Who are you? Two Cincinnati burial grounds are so old as to be steeped in both history and mystery

St. Francis Seraph, Pioneer Cemetery hold secrets

CINCINNATI -- A single white candle burns beneath a crucifix in a simple stone room. A plaque to the left of the small altar reads, “This Shrine is dedicated to our brothers and sisters who have gone before us marked with the sign of the faith and are now at rest.” 

As you stoop to go through the small door on the right, a gravestone features a poem with a similar sentiment. It reads “Remember friend, as you pass by; As you are now, so once was I; As I am now, so you must be; Prepare for death and follow me.”

The crypt underneath St. Francis Seraph Church has been part of the Cincinnati Underground tour for a while, yet not many people know the significance of the people who are buried there.

In 1817, a group of Irish immigrants met at the home of Michael Scott to talk about establishing the first Catholic parish in the area. Two years later, without a priest or even a diocese, the first Catholic church in the greater Cincinnati area was erected just outside the city limits.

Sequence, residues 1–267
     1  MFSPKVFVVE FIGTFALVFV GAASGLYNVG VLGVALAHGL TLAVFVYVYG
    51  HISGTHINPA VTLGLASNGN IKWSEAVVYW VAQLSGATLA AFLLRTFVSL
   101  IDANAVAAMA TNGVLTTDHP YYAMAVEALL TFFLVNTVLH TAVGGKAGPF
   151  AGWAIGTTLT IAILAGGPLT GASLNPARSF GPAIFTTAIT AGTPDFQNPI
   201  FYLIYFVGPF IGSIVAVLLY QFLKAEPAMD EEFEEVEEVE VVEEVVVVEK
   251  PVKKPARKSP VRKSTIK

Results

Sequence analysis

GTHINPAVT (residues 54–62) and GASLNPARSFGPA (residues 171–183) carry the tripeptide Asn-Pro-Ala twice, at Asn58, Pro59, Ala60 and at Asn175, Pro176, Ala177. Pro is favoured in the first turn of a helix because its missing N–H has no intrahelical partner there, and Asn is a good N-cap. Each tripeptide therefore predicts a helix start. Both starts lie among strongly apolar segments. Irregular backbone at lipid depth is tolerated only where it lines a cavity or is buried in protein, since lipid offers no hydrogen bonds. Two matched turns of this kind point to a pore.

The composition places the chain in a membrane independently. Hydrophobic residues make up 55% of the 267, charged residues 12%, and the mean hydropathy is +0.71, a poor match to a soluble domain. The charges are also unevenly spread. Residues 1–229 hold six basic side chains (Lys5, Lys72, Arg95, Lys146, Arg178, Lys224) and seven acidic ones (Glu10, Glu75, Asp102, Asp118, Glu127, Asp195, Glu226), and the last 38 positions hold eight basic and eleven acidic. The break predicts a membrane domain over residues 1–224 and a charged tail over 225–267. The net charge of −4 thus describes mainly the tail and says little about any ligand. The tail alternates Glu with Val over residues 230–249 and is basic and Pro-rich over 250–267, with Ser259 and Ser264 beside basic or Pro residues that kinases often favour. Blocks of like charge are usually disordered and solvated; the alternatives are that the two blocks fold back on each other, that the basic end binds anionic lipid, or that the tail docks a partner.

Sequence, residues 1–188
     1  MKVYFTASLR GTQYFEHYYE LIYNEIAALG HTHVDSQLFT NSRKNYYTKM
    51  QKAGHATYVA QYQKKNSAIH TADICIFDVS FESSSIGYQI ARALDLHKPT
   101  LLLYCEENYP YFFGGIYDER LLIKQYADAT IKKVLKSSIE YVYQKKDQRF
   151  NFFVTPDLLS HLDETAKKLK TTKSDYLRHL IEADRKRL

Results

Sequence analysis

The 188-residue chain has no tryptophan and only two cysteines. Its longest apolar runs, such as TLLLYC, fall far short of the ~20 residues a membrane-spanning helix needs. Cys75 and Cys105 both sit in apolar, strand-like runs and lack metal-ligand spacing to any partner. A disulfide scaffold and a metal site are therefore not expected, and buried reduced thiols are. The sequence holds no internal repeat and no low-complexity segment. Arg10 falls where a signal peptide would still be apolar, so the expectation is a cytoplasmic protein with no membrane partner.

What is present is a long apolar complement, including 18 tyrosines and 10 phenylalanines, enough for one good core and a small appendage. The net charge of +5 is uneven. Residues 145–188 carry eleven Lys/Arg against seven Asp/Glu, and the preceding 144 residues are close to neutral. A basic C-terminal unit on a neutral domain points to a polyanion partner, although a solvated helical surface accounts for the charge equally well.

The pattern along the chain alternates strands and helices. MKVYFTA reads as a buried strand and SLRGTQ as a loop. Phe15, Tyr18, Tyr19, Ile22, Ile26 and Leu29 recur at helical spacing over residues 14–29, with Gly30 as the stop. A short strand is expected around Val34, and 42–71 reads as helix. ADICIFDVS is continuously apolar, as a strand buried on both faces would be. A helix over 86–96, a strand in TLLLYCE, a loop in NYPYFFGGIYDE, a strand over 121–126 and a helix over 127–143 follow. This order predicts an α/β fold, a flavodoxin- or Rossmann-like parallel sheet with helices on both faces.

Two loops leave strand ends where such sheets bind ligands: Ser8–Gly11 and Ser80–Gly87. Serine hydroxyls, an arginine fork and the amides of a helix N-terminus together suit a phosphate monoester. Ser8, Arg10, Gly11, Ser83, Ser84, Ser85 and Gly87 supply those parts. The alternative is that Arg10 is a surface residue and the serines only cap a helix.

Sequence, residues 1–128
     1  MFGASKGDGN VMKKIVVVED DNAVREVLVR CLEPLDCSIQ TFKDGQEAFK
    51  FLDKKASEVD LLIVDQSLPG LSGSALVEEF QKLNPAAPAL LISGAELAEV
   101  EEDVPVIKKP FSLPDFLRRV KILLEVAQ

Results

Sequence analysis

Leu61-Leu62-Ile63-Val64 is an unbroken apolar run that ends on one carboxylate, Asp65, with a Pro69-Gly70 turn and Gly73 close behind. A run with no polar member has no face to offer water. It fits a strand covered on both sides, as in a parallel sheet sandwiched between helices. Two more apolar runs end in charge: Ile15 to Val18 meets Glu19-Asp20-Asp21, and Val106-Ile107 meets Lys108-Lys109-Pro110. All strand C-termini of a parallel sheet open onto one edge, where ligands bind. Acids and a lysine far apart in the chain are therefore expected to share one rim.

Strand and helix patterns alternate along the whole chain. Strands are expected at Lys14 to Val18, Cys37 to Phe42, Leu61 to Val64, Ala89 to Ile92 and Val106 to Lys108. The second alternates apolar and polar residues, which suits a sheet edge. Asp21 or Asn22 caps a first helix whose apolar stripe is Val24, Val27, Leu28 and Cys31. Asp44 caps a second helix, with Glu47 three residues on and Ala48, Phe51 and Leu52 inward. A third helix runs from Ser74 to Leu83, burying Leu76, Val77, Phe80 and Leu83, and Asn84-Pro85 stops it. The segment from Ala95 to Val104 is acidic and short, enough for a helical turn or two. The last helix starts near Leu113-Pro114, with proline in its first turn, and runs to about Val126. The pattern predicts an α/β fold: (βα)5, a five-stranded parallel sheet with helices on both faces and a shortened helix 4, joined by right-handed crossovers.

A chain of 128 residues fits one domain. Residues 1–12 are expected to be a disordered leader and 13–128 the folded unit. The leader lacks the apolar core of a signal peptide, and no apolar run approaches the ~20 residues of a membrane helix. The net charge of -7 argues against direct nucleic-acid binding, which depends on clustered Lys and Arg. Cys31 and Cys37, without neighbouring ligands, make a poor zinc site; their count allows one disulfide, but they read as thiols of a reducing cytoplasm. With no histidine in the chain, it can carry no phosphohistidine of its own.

“It was just a little wooden frame building,” said Brother Tim Sucher, pastoral associate at St. Francis Seraph Church. “The interesting thing is that they didn’t have a priest. The people just gathered together. It’s kind of like the old saying, ‘If you build it, they will come.’”

The oldest gravestone in Pioneer Memorial Cemetery belongs to Phebe Stites, who died in 1797.

In fact, the first priest to preside over Christ Church was the Rev. Edward Fenwick, who would later become the first bishop of Cincinnati. This small but dedicated community of Catholics also designated the first Catholic cemetery in Greater Cincinnati.

The parishioners decided to move the church into the city in 1822 -- literally. The little church was lifted from its foundation and rolled on timbers along the cobblestone streets to its desired address, the corner of Eighth and Sycamore. Despite their efforts, the structure didn’t make the bumpy journey, and the church was rebuilt on the Downtown site. 

The cemetery remained in its location on Liberty Street for 40 years. In 1840, another Catholic church in Over-the-Rhine named St. John the Baptist found itself squeezed for space by the recent influx of German immigrants. The community decided it needed to build a similarly sized church nearby; however, the cemetery was in the location they wanted.